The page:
- The Washington Times - Thursday, August 29, 2002

Treasury crackdown

Ben Anderson, Washington communications director for the Commission on Security and Cooperation in Europe (Helsinki Commission), writes: "Got a $25 ticket from Treasury Department police yesterday for making a right turn off the 14th Street Bridge, along with four other drivers at the same time."

"Three officers standing around waiting for their prey as Interstate 395 North was at a standstill past the Pentagon," he says. "Nice cash cow."

Mr. Anderson poses three questions: When did it become the federal government's responsibility to enforce local traffic laws? Where exactly does Treasury Department police jurisdiction end? And lastly, who winds up with his fine?

We did some checking, Mr. Anderson. First, we were reminded that Washington is in a heightened state of security due to the terrorist threat. Whether you drive a Mitsubishi or Mac truck, more attention is being paid to improper turns, particularly in the proximity of Washington's monuments and memorials.

Second, under a majority of circumstances, any sworn law-enforcement officer in this "federal city" of ours can issue a traffic ticket. With that in mind, do not speed past a Smithsonian guard as he steers his way to the dinosaur exhibit.

Finally, Mr. Anderson, allow us to answer your third question.

Isn't it ironic that your ticket was issued by Treasury police on the heels of the announcement this week that their department was "raided" by members of Congress presiding over a record year of pork-barrel spending? All of which has resulted in the federal deficit soaring beyond a whopping $157 billion.

In other words, Mr. Anderson, steer clear of Treasury cops, who obviously have a tremendous quota to fill.


Out of Africa

We've just intercepted a memo issued by Environmental Protection Agency Administrator Christie Whitman to her staff from the U.N. World Summit on Sustainable Development in Johannesburg, where she's leading the EPA delegation (Secretary of State Colin L. Powell will lead the U.S. delegation).

The administrator reveals in the memo that the EPA will soon start the "Children's Environmental Health Indicators Initiative" with a new partner: the notoriously left-wing, anti-nuclear group Physicians for Social Responsibility.


Keep your commode

A surprise from the U.N. World Summit on Sustainable Development in Johannesburg, compliments of what our colleague indelicately therefore, accurately described as an attempt to employ "Green Uncle Toms."

"World green superstars who grab the mike to talk about the horrors of plumbing," explains Christopher Horner of Washington's Competitive Enterprise Institute, who's in South Africa for this largest of all U.N. summits. "Pardon us for asking, but when, offered the option, have the poor turned down the amenities of a wealthier society?"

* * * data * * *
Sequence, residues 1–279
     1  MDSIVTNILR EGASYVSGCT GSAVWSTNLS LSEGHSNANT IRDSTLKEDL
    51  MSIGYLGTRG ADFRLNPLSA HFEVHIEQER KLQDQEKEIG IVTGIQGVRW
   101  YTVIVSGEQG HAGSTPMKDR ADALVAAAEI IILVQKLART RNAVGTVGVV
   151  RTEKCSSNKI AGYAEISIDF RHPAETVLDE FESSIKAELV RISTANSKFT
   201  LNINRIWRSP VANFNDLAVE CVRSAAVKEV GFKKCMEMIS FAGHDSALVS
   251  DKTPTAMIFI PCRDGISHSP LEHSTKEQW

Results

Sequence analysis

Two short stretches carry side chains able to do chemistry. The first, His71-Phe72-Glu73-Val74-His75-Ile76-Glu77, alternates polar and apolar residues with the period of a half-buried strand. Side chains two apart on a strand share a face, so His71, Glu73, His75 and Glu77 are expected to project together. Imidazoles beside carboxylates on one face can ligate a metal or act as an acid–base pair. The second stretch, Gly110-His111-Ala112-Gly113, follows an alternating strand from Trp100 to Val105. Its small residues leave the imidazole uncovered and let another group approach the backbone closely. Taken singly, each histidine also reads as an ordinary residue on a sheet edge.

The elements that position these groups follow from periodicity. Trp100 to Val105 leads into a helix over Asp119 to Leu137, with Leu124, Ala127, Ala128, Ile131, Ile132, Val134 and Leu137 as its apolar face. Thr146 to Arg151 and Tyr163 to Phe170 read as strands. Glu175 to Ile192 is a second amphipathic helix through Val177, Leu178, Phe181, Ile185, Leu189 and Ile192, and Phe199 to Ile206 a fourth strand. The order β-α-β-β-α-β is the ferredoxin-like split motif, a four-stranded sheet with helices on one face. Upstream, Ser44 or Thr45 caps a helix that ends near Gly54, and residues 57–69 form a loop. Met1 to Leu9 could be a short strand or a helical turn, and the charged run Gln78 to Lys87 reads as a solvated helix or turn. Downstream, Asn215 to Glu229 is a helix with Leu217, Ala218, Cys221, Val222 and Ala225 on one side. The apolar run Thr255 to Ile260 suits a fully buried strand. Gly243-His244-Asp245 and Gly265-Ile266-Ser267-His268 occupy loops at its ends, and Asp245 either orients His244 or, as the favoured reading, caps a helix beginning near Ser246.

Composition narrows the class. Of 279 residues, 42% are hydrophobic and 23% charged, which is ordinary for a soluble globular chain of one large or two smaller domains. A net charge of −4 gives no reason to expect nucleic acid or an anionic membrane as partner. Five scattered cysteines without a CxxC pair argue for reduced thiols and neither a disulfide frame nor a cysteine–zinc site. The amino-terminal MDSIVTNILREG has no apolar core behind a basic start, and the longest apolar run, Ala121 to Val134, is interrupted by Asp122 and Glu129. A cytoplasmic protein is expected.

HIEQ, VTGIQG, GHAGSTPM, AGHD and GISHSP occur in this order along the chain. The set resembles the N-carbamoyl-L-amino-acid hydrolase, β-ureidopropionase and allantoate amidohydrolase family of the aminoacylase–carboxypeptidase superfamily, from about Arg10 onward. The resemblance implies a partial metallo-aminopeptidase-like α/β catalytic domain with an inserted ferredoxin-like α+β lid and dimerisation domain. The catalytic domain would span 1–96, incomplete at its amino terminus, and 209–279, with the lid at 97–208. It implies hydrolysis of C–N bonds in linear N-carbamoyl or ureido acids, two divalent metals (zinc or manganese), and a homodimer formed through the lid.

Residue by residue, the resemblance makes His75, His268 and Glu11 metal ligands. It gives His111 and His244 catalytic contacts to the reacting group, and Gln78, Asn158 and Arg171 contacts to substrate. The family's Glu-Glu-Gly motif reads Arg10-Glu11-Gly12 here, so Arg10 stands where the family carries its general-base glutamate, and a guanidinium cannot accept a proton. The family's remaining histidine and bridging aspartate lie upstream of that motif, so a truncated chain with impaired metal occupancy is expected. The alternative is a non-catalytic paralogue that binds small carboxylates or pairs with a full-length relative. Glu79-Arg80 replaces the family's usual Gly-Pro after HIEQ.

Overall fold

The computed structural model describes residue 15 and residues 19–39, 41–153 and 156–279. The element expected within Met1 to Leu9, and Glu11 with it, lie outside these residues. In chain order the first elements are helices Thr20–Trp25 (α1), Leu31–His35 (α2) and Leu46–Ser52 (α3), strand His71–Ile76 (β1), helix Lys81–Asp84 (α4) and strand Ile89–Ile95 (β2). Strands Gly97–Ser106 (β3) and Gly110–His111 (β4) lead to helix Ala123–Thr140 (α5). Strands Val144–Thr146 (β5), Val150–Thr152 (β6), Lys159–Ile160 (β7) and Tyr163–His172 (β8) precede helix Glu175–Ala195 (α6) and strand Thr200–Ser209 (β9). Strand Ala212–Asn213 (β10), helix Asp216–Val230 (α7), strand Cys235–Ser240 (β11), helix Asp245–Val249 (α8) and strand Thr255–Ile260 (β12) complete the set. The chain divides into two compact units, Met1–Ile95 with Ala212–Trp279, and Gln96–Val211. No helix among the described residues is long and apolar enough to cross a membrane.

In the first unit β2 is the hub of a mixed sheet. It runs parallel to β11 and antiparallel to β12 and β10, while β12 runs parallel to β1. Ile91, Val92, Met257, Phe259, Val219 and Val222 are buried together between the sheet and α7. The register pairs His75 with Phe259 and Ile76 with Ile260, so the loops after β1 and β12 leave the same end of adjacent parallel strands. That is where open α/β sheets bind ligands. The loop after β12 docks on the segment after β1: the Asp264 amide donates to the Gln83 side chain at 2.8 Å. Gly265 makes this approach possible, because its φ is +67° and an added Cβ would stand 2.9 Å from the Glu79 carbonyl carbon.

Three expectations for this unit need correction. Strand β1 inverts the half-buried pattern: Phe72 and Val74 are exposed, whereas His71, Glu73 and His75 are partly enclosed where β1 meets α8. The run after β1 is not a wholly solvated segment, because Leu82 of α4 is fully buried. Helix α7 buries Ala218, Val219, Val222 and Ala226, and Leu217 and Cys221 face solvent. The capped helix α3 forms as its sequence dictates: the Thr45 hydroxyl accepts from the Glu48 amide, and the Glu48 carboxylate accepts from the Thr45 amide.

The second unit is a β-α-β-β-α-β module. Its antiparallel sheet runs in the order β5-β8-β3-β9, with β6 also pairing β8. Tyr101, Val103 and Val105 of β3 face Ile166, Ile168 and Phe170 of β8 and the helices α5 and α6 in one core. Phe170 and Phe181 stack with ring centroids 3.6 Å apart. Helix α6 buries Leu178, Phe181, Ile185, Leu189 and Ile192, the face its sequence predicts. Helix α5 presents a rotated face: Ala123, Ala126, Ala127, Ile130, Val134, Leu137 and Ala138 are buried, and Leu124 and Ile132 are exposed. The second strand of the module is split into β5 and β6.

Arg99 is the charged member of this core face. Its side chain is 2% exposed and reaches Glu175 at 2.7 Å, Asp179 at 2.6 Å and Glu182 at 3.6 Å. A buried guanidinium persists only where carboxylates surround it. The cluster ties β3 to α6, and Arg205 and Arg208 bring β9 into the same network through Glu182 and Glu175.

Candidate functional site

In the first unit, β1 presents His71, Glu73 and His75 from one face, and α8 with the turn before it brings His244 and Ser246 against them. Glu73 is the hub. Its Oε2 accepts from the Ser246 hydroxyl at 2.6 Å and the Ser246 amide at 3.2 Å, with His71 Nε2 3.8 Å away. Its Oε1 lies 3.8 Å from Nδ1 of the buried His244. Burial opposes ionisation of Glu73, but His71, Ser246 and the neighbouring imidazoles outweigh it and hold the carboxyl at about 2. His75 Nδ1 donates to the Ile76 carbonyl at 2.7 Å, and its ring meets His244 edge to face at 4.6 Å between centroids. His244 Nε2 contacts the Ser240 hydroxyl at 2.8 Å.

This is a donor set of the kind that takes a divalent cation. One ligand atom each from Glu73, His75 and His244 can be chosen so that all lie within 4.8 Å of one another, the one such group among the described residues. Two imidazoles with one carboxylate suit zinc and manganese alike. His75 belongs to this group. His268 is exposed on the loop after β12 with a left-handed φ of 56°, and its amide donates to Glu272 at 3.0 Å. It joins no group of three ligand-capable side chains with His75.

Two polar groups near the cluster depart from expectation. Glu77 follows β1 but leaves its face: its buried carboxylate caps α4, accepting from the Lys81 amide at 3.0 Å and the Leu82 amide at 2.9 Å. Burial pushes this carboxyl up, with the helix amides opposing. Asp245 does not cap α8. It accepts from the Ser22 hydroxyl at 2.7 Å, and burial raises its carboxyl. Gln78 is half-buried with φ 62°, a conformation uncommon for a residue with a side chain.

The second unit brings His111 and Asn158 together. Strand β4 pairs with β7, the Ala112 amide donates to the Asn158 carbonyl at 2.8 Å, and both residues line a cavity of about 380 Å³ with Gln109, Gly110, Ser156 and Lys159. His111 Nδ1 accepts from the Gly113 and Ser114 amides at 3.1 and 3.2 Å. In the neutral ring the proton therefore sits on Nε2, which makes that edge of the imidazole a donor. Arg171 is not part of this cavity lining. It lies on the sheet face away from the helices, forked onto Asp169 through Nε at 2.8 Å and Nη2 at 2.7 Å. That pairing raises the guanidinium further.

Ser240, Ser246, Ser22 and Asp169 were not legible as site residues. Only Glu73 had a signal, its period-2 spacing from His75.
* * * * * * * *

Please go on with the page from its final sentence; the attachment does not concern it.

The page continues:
Try now.

Mr. Horner tells Inside the Beltway of a surprising protest rally by scores of farmers from Africa and other lesser developed countries: "Over two-dozen groups of agricultural workers actual non-bureaucrats, non-whiny-privileged-youths trying to make a living, these 'Sustainable Development Network' speakers admonished the caviar-slurping U.N. bureaucrats in attendance to get out of their way."

"And they seem sincere. One speaker passed a promising litmus test, shouting 'We don't need your money' to cheers," Mr. Horner notes. "Earlier, one woman here raged against 'the pernicious introduction of the flush toilet' as a byproduct of wealth creation. This at a taped panel discussion for a BBC/PBS production hosted by, you guessed it, Bill Moyers."


Royal rumble

The Southeastern Legal Foundation yesterday called on Federal Reserve Board Chairman Alan Greenspan to obey the law and seek congressional approval before accepting an honorary knighthood from Britain's Queen Elizabeth II.

Citing Art. I, Sect. 9, of the Constitution, the Atlanta-based conservative public interest law firm said our Founding Fathers unequivocally stated that no U.S. officeholder or employee could accept any present or title from a king, prince, or foreign state without the consent of Congress.

The Federal Reserve quickly refuted SLF's contention, saying that the Foreign Gifts and Decorations Act allows such an honorary award for meritorious performance, and that the Justice Department agrees.

Mr. Greenspan, the nation's head for fiscal and monetary policy, is slated to receive his knighthood this fall. The queen selected Mr. Greenspan for his "outstanding contribution to the global economy and the benefit the UK has received from his wisdom."

Federal Reserve spokesman Michelle Smith said other U.S. citizens knighted, even while serving the country's armed forces, include Gen. Wesley Clark and Gen. H. Norman Schwarzkopf.

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